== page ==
Radio PA Roundtable – October 2, 2015

On this week’s Radio PA Roundtable, House and Senate Republican leaders in Harrisburg announce plans for votes on Governor Tom Wolf’s tax plans and the governor responds with a pitch to rank-and-file lawmakers. Also, the governor talks about the latest troubles for embattled Attorney General Kathleen Kane and meeting Pope Francis.

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Radio PA Roundtable – May 8-10, 2015

On this week’s Radio PA Roundtable, Senate Majority Leader Jake Corman announces plans to introduce a major public pension overhaul in Pennsylvania and the Secretary of the state Department of Drug & Alcohol Programs has a confirmation hearing as part of his re-nomination process.

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Radio PA Roundtable – May 1-3, 2015

On this week’s Radio PA Roundtable, more from Governor Tom Wolf in his first “Ask the Governor” appearance; why couldn’t Republicans do more when they ran the show in Harrisburg from 2011-2015? And how trade and technical schools are carving out an important role in education.

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Radio PA Roundtable – April 3-5, 2015

On this week’s Radio PA Roundtable, an exclusive one-on-one interview with PA Senate Majority Leader Jake Corman (R-Centre) covering topics that include the budget talks, pension reform and his role in suing the NCAA over the Penn State sanctions.

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No Easy Answers to Public Pension Woes

Regardless of any additional reforms, executives from the state’s two big public pension funds are telling state lawmakers that adequate employer contributions are essential.  In this case, the state is the employer and its taxpayers are the ones footing the bill.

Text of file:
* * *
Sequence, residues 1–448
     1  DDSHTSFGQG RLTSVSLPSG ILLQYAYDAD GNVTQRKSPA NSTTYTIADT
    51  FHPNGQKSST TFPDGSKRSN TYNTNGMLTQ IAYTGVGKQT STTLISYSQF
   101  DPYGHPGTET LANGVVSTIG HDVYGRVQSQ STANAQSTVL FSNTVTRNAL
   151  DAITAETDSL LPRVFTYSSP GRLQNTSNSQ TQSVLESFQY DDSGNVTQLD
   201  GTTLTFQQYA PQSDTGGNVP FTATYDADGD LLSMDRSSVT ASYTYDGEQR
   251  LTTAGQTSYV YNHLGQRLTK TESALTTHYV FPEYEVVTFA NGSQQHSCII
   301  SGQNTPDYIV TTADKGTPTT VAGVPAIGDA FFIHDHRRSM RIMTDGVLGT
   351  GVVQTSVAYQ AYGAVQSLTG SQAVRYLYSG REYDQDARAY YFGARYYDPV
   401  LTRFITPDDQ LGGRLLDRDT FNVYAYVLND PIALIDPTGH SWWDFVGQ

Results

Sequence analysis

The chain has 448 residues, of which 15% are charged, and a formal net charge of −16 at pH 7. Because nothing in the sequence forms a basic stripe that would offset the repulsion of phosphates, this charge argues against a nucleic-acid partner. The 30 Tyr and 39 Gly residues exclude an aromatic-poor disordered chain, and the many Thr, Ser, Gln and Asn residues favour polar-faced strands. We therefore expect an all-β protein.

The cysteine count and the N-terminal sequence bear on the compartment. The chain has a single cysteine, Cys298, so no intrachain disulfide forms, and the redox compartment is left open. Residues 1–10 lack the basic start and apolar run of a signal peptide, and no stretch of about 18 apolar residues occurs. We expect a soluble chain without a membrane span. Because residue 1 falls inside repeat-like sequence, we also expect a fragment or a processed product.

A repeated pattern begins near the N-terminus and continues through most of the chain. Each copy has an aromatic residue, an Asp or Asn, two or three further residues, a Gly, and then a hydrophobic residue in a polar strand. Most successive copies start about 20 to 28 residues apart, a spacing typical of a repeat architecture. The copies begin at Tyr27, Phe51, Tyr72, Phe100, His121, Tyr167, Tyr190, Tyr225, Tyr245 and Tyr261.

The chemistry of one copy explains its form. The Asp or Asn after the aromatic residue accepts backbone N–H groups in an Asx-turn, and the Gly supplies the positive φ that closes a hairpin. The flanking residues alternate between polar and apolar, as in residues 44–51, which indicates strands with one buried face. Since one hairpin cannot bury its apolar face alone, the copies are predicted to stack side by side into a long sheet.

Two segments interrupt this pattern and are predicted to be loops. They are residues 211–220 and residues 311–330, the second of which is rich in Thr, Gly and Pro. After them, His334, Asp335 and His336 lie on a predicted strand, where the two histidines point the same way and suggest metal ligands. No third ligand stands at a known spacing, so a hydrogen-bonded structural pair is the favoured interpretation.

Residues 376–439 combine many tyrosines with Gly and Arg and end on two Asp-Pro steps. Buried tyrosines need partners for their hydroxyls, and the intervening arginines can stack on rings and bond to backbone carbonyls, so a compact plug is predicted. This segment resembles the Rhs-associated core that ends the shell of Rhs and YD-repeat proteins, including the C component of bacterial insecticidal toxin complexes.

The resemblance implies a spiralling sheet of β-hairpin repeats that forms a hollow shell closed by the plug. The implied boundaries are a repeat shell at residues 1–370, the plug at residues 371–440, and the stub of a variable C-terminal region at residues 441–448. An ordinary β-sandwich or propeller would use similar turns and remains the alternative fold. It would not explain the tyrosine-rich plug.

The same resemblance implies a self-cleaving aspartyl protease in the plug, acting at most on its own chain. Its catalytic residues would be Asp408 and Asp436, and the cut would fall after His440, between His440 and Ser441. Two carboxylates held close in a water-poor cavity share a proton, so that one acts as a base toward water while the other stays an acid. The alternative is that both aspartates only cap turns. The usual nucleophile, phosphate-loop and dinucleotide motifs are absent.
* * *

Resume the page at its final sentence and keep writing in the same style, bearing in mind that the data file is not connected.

As it stands, the combined unfunded liabilities of the State Employees’ Retirement System (SERS) and Public School Employees Retirement System (PSERS) are north of $40-billion dollars and climbing.  The reasons are many: the 2008 market crash, a lost decade in which the state opted to defer its pension contributions, and a 2001 law that padded pension benefits – especially for lawmakers themselves. 

Governor Tom Corbett is proposing a series of long-term pension reforms in hopes of reducing the short-term burden on the state, and PSERS executive director Jeffrey Clay was peppered with questions during House and Senate budget hearings on Wednesday. 

“If you’re basically asking the question, “can we get to solvency under Act 120?” the answer would be – from the pension system perspective – yes.  The question is whether the state and the school districts can actually afford that,” Clay explains. 

Act 120 of 2010 helped to smooth out the pension spike by reducing the benefits of future state employees and teachers, increasing the retirement age and extending the vesting period.  Even with those reforms being imposed for all new hires, the state’s $1.5-billion dollar pension obligation this year is expected to climb to $4.3-billion by FY2016/17.